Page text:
BY PAUL KAIHLA — I first heard of watsu when I went to Harbin Hot Springs with an ex because of its rep for having the best mineral baths north of San Francisco. We were surprised to discover that the place was actually a New Age hangout.

When my significant-other saw people in a pool doing what we later learned was watsu, she almost sounded like a socialite encountering lepers — “Ewww, who are those people?”

At first glance, it did look somewhat sideways: What seemed like a bunch of aging hippies in the nude, paired up and cradling each other as if they were attempting some kind of re-birthing exercise.

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One of the world’s hottest spiritual teachers shares her prescription for feeling great

Pamela Wilson asks: When you worry, or feel fear, can you say this to the anxious voice in your head? “You are welcome here!”

BY PAUL KAIHLA — Pamela Wilson has many moving parts — part spiritual muse, part Gestalt Therapist and part post-modern mystic, in the sense that she can induct an audience into an expansive state using voice and anchors the same way that the late great Milton Erickson did with patients in hypnosis.

Featured in the Soul’s Code slide show, Female Mystics, Wilson comes as advertised: I and 60 others were moved by the power of her presence the other night in a simple hall in Berkeley, CA. She held an over-educated and highly-experienced audience in her sway, to paraphrase the Rolling Stones.

Wilson is fond of revealing the ways in which the mind acts as a blunt instrument.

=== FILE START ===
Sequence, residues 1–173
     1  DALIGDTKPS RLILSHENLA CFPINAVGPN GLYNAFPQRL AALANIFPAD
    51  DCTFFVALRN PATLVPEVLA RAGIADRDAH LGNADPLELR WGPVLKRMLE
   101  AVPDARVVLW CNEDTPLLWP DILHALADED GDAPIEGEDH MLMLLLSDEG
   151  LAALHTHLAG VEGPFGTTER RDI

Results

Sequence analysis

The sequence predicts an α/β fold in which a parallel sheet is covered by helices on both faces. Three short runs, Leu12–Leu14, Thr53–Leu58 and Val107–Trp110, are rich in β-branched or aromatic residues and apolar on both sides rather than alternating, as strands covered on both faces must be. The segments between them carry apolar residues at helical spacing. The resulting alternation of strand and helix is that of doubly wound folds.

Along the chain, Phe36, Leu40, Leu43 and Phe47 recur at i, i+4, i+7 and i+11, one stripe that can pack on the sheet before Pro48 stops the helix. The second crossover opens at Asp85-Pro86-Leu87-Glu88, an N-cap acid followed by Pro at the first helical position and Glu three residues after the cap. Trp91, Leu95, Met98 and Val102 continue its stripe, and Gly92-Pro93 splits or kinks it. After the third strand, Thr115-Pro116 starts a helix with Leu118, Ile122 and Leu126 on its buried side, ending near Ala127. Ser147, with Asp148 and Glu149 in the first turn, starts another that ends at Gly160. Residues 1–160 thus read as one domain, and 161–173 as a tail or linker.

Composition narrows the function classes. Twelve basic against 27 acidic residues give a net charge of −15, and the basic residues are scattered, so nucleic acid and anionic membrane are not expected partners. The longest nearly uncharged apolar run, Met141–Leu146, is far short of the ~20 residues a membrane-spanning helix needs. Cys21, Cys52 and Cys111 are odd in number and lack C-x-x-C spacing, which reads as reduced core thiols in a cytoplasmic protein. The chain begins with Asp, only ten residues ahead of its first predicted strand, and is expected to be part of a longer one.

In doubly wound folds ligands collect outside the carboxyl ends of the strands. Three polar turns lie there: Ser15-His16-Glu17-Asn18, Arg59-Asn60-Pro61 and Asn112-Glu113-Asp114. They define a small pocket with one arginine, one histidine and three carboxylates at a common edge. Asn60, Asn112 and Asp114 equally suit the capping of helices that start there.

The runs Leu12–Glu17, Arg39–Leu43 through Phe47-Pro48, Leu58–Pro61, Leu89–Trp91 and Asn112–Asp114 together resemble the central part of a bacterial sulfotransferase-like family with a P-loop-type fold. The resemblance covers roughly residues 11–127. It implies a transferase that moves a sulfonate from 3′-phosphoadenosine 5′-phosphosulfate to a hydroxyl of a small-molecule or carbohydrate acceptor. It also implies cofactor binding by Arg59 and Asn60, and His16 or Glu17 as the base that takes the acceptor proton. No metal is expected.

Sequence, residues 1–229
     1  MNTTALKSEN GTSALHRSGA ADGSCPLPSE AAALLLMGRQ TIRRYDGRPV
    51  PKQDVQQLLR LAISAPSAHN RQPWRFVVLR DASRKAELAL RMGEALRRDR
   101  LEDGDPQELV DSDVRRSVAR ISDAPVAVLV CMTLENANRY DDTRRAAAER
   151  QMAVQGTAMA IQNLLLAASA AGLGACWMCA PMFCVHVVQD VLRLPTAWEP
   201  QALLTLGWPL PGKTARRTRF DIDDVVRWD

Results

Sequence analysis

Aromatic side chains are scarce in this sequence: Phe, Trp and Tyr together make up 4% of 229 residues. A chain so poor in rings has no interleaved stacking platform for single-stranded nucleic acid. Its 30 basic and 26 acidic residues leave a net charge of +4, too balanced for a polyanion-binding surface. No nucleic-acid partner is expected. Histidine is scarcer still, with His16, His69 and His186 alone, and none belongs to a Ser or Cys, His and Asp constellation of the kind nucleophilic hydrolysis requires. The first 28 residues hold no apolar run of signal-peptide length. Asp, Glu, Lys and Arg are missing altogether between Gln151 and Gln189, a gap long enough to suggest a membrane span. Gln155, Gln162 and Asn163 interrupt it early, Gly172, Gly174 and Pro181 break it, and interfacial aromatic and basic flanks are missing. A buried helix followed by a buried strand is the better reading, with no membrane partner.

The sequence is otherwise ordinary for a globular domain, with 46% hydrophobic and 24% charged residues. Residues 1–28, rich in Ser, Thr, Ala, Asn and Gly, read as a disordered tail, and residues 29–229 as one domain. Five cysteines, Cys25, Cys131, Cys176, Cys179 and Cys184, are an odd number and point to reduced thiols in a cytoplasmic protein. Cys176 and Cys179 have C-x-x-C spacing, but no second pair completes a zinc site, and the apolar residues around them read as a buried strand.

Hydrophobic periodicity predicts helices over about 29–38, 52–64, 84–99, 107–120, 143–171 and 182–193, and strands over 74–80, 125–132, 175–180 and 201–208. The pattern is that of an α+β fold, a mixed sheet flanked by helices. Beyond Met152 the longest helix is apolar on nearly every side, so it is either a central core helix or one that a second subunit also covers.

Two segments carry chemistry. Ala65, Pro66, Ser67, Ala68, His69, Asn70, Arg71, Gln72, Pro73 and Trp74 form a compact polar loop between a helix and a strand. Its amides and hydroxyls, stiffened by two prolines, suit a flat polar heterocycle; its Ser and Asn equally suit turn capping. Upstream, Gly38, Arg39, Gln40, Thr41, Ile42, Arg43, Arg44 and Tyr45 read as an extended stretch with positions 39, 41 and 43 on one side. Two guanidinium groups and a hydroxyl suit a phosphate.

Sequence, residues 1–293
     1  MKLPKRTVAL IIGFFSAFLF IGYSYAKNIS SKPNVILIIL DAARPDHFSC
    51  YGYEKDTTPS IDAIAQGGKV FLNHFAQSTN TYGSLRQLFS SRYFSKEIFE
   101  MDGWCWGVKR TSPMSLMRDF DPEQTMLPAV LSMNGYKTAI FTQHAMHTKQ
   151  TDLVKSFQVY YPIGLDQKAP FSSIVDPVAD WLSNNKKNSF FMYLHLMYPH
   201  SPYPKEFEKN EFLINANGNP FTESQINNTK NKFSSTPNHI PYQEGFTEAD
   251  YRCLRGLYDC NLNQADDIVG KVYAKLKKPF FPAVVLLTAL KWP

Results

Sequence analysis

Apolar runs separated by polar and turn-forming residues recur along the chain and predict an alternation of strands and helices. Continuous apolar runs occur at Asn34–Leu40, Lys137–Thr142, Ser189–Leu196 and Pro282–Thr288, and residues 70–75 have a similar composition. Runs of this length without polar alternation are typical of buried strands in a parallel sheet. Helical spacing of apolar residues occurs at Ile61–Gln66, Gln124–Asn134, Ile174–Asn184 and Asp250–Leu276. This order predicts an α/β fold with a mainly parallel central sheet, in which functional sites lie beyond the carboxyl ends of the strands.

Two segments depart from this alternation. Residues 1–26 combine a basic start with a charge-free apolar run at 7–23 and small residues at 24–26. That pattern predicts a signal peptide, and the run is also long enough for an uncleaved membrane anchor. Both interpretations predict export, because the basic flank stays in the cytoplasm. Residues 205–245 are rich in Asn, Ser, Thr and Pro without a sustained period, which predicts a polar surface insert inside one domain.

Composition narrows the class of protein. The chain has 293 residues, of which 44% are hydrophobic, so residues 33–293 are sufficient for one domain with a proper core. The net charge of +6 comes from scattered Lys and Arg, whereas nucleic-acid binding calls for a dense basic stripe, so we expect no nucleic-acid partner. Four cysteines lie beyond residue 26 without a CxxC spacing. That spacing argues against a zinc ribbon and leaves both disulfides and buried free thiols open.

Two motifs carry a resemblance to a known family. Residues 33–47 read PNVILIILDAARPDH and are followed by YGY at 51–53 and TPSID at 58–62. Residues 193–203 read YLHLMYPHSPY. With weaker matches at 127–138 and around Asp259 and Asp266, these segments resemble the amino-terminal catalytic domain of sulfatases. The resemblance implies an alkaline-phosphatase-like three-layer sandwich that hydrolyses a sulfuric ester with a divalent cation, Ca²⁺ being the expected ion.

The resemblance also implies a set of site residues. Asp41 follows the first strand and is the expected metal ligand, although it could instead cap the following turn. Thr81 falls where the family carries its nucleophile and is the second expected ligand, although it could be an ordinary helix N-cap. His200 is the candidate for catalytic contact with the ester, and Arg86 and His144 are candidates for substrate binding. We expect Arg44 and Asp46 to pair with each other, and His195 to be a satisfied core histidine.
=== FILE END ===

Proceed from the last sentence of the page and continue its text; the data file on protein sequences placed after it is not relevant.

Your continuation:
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The shaman origin of your spa’s sauna

The sauna is a Finnish, warlock thing. To prove it, I skinny-dipped through a hole in the ice of Lake Superior

BY PAUL KAIHLA — I spent the afternoon breaking trail through the great boreal forest on the north shore of Lake Superior on cross-country skis made of hickory with my host, Olli. We had a novice tagging along, who couldn’t quite get the swing of it.

A Finnish engineer who has two adult children, a happy marriage and a wry sense of humor, Olli offered our tag-along adventurer mock comfort about the learning curve she faced with nordic skiing: “Don’t worry,” he quipped, “the first 10 years are the hardest.”

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What will replace LOST? Why the ABC series was the only show on TV that had a religious following

The gospel of LOST: Steeped in mystical memes and Einstein’s deconstruction of time, here are 12 reasons that LOST was the most “enlightened” show on TV

BY PAUL KAIHLA — In the 2011 liturgical calendar of American TV, what have we got? Jersey Shore ?! Millionaire Matchmaker? They make Sarah Palin look seriously spiritual. And they strip all shame from the vapid Lloyd Braun-Marc Cherry content called Desperate Housewives. Also an ABC product.

In this 2011 season of Lent, we still long for LOST. Why bring up religious matters?

LOST was a religious experience. Here are 12 reasons why:

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Spiritually $urviving job loss

The Secret‘s wishful thinking, versus the reality of 7 million American jobs lost. Soul’s Code introduces its own guide to balancing job security — and inner security